By analogy with the case of a thin lens, it can therefore be defined, for a given gaze direction and for a given object proximity, i.e. for a point of the object space on the corresponding light ray, an mean refractive power PPO as the sum of the image proximity and the object proximity.


PPO=ProxO+ProxI

With the same notations, an astigmatism Ast is defined for every gaze direction and for a given object proximity as:

Ast = 1 JT - 1 JS

This definition corresponds to the astigmatism of a ray beam created by the lens.

FIG. 3 is a perspective view of a configuration wherein the angles α and β are non-zero. The effect of rotation of the eye can thus be illustrated by showing a fixed frame {x, y, z} and a frame {xm, ym, zm} linked to the eye. Frame {x, y, z} has its origin at the point Q′. The axis x is the axis Q′O and it is orientated from the lens towards the eye. The y axis is vertical and orientated upwardly. The z axis is such that the frame {x, y, z} is orthonormal and direct. The frame {xm, ym, zm} is linked to the eye and its center is the point Q′. The xm axis corresponds to the gaze direction JQ′. Thus, for a primary gaze direction, the two frames {x, y, z} and {xm, ym, zm} are the same. For simplicity, the term ‘lens’ is used in the description but it has to be understood as the ‘ergorama-eye-lens system’.

For a progressive ophthalmic lens, the “meridian line” is the set of all gaze directions which are oriented toward objects located within the sagittal plane of the lens wearer. The exact location of each object within the sagittal plane, as a function of the lowering angle α, is provided by the ergorama. Then the lens manufacturer designs the progressive ophthalmic lens so that best vision is provided to the wearer along the meridian line. In particular, the resulting astigmatism is reduced to zero or almost zero for all gaze directions of the meridian line. In particular, a far vision gaze direction, the fitting cross and a near vision gaze direction are located on the meridian line. These reference gaze directions can be recovered from permanent markings existing on each progressive ophthalmic lens in a manner which is well-know in the art. Possibly, manufacturer's instructions may be necessary for recovering the far and near vision gaze directions from the permanent markings, but the manufacturer's instructions are always available to the Man skilled in ophthalmics. One may report in this concern to the harmonized standard ISO 8980-2 published on 2004-02-01 (ISO 8980-2:2004). Temporary markings may also be applied on the surface of a progressive ophthalmic lens, indicating locations of control points on the lens, such as a control point for far vision, a control point for near vision, a prism reference point and the fitting cross for instance. If the temporary markings are absent or have been erased, it is always possible to a skilled person to locate the control points on the lens by using a mounting chart and the permanent micro-markings. Indeed, item 7.1 c) of the standard ISO 8980-2 specifies that the manufacturer's name must be permanently indicated on the progressive addition lens, and item 8.1 of the same standard ISO 8980-2 indicates additional information which must be specified on the lens packaging or accompanying documents. It refers to Article 6 of ISO 14889:2003 for reciting this additional information or information which must be available on request to the lens manufacturer. This latter comprises lens alignment rules for recovering the locations of all reference points and measurement points which may be non-permanently marked on the lens, including the fitting cross, the prism reference point, the far vision control point, the near vision control point (item 6.2 f) of ISO 14889 referring back to item 7.2 a) to e) of ISO 8980-2). Therefore, all these points are set unambiguously for any progressive ophthalmic lens, from the initial design and the manufacturing of this lens, and cannot be selected another way when analyzing this lens later.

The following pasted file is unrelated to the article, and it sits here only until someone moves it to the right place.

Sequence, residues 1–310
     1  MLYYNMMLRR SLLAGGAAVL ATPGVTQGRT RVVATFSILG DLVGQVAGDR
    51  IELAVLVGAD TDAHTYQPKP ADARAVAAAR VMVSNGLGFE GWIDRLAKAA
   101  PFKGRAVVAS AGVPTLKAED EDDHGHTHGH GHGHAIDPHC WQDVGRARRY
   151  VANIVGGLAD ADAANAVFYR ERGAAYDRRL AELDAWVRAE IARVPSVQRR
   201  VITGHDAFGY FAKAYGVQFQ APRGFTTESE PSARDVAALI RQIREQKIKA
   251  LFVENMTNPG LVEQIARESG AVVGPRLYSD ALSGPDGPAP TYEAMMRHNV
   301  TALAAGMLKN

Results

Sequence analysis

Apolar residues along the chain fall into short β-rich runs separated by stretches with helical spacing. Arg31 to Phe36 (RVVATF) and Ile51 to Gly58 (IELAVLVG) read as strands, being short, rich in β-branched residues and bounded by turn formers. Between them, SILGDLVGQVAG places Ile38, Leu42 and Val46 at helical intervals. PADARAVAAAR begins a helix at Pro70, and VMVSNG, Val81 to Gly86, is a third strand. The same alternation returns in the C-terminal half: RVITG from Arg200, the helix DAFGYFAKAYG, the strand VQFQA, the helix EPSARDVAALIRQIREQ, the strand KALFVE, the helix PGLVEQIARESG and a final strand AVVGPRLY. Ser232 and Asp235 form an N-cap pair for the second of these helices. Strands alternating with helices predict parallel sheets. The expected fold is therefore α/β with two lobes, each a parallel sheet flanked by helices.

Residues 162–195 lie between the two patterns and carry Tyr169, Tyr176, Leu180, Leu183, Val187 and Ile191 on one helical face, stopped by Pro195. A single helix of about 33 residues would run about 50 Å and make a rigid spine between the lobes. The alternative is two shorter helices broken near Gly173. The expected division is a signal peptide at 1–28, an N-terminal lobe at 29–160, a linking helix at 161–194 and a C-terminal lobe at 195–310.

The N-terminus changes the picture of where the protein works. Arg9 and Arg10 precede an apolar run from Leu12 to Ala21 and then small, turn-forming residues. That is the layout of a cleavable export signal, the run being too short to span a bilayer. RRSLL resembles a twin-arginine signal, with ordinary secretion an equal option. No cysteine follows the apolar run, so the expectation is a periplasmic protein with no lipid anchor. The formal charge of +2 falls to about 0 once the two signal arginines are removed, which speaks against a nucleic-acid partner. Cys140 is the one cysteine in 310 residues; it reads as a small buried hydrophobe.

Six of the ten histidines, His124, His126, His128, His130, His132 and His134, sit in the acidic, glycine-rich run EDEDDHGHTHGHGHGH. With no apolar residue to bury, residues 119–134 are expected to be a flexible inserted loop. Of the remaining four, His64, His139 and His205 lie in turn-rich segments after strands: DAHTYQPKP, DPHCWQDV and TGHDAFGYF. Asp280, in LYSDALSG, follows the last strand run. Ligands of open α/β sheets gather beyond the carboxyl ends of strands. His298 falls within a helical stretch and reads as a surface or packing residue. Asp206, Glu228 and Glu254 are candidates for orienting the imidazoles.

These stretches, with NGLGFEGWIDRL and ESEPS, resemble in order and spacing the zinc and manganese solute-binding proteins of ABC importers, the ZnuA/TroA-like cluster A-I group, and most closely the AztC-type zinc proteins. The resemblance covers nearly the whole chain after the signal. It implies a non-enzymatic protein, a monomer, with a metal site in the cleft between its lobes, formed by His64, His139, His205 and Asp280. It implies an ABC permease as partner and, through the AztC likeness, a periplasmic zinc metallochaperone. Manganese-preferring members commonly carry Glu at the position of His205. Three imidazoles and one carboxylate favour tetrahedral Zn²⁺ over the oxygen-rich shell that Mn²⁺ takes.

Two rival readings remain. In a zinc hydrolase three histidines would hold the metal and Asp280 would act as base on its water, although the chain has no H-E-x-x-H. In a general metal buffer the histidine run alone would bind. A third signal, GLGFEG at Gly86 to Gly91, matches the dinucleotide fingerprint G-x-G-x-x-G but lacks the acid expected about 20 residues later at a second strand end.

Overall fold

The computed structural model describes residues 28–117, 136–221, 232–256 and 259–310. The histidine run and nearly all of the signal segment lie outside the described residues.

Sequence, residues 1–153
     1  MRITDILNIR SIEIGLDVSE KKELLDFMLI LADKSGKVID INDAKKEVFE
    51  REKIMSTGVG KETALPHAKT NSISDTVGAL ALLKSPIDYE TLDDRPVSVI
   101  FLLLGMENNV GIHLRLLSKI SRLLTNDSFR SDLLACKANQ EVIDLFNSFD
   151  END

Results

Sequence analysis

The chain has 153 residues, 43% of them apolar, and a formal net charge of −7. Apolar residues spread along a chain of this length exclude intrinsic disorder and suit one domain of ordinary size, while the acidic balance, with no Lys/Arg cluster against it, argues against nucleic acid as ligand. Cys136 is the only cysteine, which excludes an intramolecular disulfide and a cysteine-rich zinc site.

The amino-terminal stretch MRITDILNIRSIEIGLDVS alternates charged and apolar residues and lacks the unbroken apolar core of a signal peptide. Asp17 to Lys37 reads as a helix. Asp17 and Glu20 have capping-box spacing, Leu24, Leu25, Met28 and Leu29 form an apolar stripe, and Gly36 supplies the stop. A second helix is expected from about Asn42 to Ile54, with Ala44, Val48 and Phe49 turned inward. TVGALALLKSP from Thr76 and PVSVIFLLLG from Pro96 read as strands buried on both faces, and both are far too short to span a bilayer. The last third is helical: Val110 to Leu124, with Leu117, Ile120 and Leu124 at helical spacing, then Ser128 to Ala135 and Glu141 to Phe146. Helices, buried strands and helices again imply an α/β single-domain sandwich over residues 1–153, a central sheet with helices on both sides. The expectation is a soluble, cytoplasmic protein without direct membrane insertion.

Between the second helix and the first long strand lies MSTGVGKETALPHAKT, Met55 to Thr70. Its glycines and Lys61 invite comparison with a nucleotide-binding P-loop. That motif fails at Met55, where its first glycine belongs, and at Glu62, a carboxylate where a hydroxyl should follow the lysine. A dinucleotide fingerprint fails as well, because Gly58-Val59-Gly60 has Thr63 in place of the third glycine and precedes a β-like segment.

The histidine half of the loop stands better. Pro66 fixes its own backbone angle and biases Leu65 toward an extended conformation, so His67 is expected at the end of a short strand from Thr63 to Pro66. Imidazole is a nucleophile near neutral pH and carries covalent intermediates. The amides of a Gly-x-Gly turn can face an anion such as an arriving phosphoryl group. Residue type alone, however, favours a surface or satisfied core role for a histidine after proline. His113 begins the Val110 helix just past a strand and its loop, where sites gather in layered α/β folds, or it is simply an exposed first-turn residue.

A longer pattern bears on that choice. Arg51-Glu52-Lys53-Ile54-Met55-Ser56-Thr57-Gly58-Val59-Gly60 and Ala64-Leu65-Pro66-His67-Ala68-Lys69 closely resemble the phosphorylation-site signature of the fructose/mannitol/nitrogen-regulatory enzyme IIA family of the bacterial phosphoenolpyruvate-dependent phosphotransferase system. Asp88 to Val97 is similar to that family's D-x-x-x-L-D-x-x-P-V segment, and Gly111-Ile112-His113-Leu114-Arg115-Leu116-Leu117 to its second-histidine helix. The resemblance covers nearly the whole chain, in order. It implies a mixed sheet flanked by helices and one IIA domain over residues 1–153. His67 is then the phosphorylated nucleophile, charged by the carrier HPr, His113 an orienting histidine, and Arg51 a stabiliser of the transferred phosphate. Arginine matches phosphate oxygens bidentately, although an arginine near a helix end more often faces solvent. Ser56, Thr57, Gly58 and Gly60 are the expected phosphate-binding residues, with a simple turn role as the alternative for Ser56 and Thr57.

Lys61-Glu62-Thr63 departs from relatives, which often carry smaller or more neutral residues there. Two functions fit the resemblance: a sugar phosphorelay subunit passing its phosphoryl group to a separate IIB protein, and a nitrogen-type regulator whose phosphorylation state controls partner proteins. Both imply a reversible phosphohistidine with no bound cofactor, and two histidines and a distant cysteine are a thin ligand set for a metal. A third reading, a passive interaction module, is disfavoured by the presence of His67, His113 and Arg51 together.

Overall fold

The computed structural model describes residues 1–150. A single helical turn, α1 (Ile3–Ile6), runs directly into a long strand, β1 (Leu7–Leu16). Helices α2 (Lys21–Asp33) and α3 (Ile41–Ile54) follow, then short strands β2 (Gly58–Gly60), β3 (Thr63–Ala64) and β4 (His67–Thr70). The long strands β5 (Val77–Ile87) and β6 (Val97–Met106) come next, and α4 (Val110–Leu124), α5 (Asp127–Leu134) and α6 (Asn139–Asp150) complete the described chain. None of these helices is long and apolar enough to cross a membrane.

For any gaze direction of the meridian line, the “inset value” denotes the difference in the azimuth angle value β between this gaze direction and the far vision gaze direction. Actually, the azimuth angle value β for the far vision gaze direction is zero, so that the inset value of any gaze direction of the meridian line equals the azimuth angle value β of this gaze direction.

“Far vision zone temporal half-width” is the angular distance, at constant lowering angle, between the far vision gaze direction and a gaze direction on the temporal side of the lens where the module of resulting astigmatism reaches a threshold value.

“Far vision zone nasal half-width” is the angular distance, at constant lowering angle, between the far vision gaze direction and a gaze direction on the nasal side of the lens where the module of resulting astigmatism reaches a threshold value.

“Near vision zone temporal half-width” is the angular distance, at constant lowering angle, between the proximate vision gaze direction and a gaze direction on the temporal side of the lens where the module of resulting astigmatism reaches a threshold value;

“Near vision zone nasal half-width” is the angular distance, at constant lowering angle, between the proximate vision gaze direction and a gaze direction on the nasal side of the lens where the module of resulting astigmatism reaches a threshold value.